MSA grading Australia’s world leading grading system has cracked 2 million head of cattle for the years of 2011- 2012 and shows no sign of abating.( Meat and Livestock Australia)
The reason MSA was developed to give consumers confidence and eating satisfaction along with the fact that poultry and pork were making inroads into beef sales.
The MLA are quick to show a graph showing the acceptance of MSA; what it has done is failed to show another graph which would clearly show pork and chicken are still making inroads into beef consumption. The whole idea of MSA was designed under the strategic plan the goal was to supply consistent produce to consumers and accurately describe palatability to consumers. In 1998 the findings were that consumers were dissatisfied with the quality and were reacting to uncertain and unpredictable eating quality by reducing their consumption and MSA would increase profitability. At that time it was concluded that this would result in an annual 1.2 billion payout to Australian beef industry by 2010.
Now in 2012 it is interesting to look back at 1997 when the business plan for MSA was developing the average Australian chewed through 41.3 kg of beef now our consumption is 33.5 kg of beef per year. Some 8.2 kg less than we consumed in 1997 . The strategic plan that was developed stated that the cost to the beef industry on a 6 kg drop of domestic disappearance of beef consumption would equal $1.6 billion loss to AUST beef industry per year. Know with an actual loss of 8.2kg added to the cost of MSA $100 and the metre still ticking.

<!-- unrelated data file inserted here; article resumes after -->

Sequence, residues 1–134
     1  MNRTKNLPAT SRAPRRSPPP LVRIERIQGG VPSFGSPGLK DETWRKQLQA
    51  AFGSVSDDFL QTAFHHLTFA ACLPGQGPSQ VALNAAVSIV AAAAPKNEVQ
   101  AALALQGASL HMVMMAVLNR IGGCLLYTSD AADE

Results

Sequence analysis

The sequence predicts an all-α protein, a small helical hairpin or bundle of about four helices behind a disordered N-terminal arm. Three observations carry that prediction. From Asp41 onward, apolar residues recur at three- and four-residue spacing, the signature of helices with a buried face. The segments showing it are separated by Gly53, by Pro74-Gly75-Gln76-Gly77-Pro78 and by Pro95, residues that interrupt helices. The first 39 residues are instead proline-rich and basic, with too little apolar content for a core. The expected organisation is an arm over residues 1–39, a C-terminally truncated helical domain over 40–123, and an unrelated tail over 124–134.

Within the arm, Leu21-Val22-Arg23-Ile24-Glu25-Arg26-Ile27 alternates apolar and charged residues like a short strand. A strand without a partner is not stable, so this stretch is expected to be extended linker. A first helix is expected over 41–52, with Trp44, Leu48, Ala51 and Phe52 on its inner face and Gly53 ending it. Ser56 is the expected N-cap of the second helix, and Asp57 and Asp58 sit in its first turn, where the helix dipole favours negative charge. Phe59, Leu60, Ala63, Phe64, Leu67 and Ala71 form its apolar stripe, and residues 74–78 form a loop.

It is interesting to note prior to 1996 consumption of beef in the UK was 16 kg per person. When BSE struck, the government moved quickly and stopped any cattle over 30 months old being used for human consumption despite all of the fuss over BSE the consumption of beef had risen to 21 kg per person a 31% increase by 2001.
When MSA was first released it was truly a system that producers and consumers could rely on to deliver eating satisfaction. The problem was that people in the processing and retail sector who made their fortune by buying low-grade beef at discount prices and then on selling a product at a top grade product. These people refused to adopt MSA and the whole project was in danger of failing MLA moved quickly to water down the rules. First to go were the MSA graders who are completely independent and are replaced by company graders totally beholden to their employers. Boning groups have been expanded to get 18 boning groups which left cattle that would have never been considered when MSA was first developed. DNA testing soon faced the chop and now we see one supermarket who just sells MSA. It is very simple for wholesalers, retailers to simply put an MSA label on meat that was never designed to be an MSA product. The three star system where it was possible to identify MSA by star 3,4,5. The fact is star three and star five are miles apart in eating quality however now we see MSA graded.
Now we see a system that has cost producers in excess of $100 million and the meter is still ticking and has promised so much and delivered so little and done nothing to stop the lucky dip of inconsistency that continues to plague the beef industry.
The manager of MSA say that 94.3% of carcass is presented for MSA grading actually get through surely this is nothing to be proud of the rules governing MSA are not a fraction of what the rules were when MSA was first launched.
Beef consumption is certainly losing traction to pork and chicken who don’t use cast for age breeders for prime meat production. Unless MLA tightens the rules governing MSA beef will still continue to lose traction against pork and chicken.
From the Australian Beef Association